The Dunning-Kruger effect also referred to as “Mount Stupid”, is a common and widely-known cognitive bias. It is named after the two researchers, David Dunning and Justin Kruger, who identified it in 1999.

🧠 In short: It describes the tendency of low performers to see themselves as more knowledgeable and capable than they really are. This happens because low-competence individuals tend to be unable to determine the true level of their own abilities, as well as recognize the skills of others.

Dunning-Kruger Effect

What Is the Dunning-Kruger Effect?

The Dunning-Kruger effect is a bias whereby people with low ability in a certain area tend to overestimate their capability in that area.

Most of us can likely think of a situation where someone’s behavior was (likely) influenced by it. For example, it’s not uncommon to hear people make overconfident claims and give lengthy speeches about something that they, in reality, know much less about than they let others understand. Thus, people falling prey to this effect are also described to be on “Mount Stupid”.


The main reason behind it is that low-skilled people lack the needed self-awareness to properly assess their performance. As Dunning and Kruger explained¹:

Overestimation occurs, in part, because people who are unskilled in these domains suffer a dual burden: Not only do these people reach erroneous conclusions and make unfortunate choices, but their incompetence robs them of the metacognitive ability to realize it.

David Dunning and Justin Kruger (1999), “Unskilled and Unaware of It: How Difficulties in Recognizing One’s Own Incompetence Lead to Inflated Self-Assessments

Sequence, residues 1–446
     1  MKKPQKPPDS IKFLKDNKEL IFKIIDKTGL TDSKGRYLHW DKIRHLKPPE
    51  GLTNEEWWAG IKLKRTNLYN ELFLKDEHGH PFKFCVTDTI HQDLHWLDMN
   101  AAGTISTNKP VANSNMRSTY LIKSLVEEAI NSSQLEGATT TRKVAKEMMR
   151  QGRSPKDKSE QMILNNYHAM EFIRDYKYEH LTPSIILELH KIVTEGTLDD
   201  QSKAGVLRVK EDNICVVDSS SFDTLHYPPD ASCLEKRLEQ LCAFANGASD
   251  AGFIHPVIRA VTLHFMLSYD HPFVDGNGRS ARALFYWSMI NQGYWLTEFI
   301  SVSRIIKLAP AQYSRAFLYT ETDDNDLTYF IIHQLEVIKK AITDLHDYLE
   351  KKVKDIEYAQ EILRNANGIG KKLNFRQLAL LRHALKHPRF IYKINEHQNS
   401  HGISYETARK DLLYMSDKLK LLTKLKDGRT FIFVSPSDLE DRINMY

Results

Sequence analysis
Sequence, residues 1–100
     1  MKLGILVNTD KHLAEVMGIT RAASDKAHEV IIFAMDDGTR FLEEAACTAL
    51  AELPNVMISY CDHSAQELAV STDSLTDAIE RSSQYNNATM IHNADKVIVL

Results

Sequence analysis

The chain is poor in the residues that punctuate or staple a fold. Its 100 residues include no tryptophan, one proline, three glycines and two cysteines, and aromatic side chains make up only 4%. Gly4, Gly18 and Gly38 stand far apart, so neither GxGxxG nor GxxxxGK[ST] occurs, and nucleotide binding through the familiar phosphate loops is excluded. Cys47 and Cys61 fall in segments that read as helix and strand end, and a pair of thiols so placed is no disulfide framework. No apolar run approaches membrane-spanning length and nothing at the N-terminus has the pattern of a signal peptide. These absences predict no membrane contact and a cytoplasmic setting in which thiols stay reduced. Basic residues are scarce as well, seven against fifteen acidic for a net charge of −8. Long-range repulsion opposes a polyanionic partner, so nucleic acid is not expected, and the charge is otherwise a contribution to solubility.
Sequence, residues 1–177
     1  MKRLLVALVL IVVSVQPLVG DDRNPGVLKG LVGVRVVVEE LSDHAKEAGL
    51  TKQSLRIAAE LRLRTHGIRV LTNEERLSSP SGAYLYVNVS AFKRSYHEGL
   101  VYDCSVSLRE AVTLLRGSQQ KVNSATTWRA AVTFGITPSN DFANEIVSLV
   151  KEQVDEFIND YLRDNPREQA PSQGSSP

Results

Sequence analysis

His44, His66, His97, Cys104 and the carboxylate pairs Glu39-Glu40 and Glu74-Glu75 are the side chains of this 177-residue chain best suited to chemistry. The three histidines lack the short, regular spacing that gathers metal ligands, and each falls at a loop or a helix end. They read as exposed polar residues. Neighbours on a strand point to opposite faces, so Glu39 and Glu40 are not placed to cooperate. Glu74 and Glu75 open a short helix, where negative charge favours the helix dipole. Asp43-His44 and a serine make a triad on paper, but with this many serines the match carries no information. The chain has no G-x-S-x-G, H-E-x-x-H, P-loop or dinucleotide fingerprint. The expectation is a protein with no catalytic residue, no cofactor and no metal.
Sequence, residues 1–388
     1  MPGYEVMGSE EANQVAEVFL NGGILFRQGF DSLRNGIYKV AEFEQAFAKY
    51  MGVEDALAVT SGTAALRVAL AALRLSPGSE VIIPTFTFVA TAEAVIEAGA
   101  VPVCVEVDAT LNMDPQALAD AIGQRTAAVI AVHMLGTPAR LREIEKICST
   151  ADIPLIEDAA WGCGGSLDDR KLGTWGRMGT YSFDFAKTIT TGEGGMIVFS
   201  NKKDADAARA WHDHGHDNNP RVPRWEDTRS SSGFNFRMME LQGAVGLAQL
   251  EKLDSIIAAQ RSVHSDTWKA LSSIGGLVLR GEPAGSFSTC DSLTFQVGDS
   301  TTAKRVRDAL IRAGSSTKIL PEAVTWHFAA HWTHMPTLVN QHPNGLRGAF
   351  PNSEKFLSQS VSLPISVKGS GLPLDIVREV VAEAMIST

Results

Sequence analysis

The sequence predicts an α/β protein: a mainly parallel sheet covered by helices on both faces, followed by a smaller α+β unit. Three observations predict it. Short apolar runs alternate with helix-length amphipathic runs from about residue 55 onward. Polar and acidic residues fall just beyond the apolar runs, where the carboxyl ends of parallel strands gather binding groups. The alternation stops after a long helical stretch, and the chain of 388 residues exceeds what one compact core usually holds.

In other words, being unable to judge the level of own performance, and thus the performances of other people leads to an inaccurate sense of one’s capabilities.


The concept is named after David Dunning and Justin Kruger of Cornell University, who identified the phenomenon as a cognitive bias in their 1999 paper.

In their studies, they tested the subjects in three areas: grammar, logic, and sense of humor. The results showed that those individuals who got the lowest scores in the tests consistently rated their own performances higher than what the scores revealed. More precisely, people whose scores placed them in the 12th percentile ranked themselves, on average, in the 62nd percentile.

Impostor Syndrome

A psychological phenomenon known as “impostor syndrome” is the opposite of the Dunning-Kruger effect. It refers to the belief that one is not as competent as their achievements show and/or other people perceive them to be.

It involves the idea that one has succeeded previously due to chance and luck, not because they are skilled or talented, and that someone will eventually find out — hence the name “impostor syndrome”.

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Anthony Farnbach
Dec 9, 2020 1:56 am

I’ve seen this is people stating, “I am a good judge of character” , and as once happened to me …”therefore I am able to know that you are a suspicious (general pejorative) character”…. case closed!
This may not conform to the Dunning-Kruger model, as the they may have actually been a good judge, but regardless, I asked this person “have you objectively assessed your ability to judge others accurately? Have you compared your assessment with the known facts, and then compared those results with the general community?”
This query was not received well. lol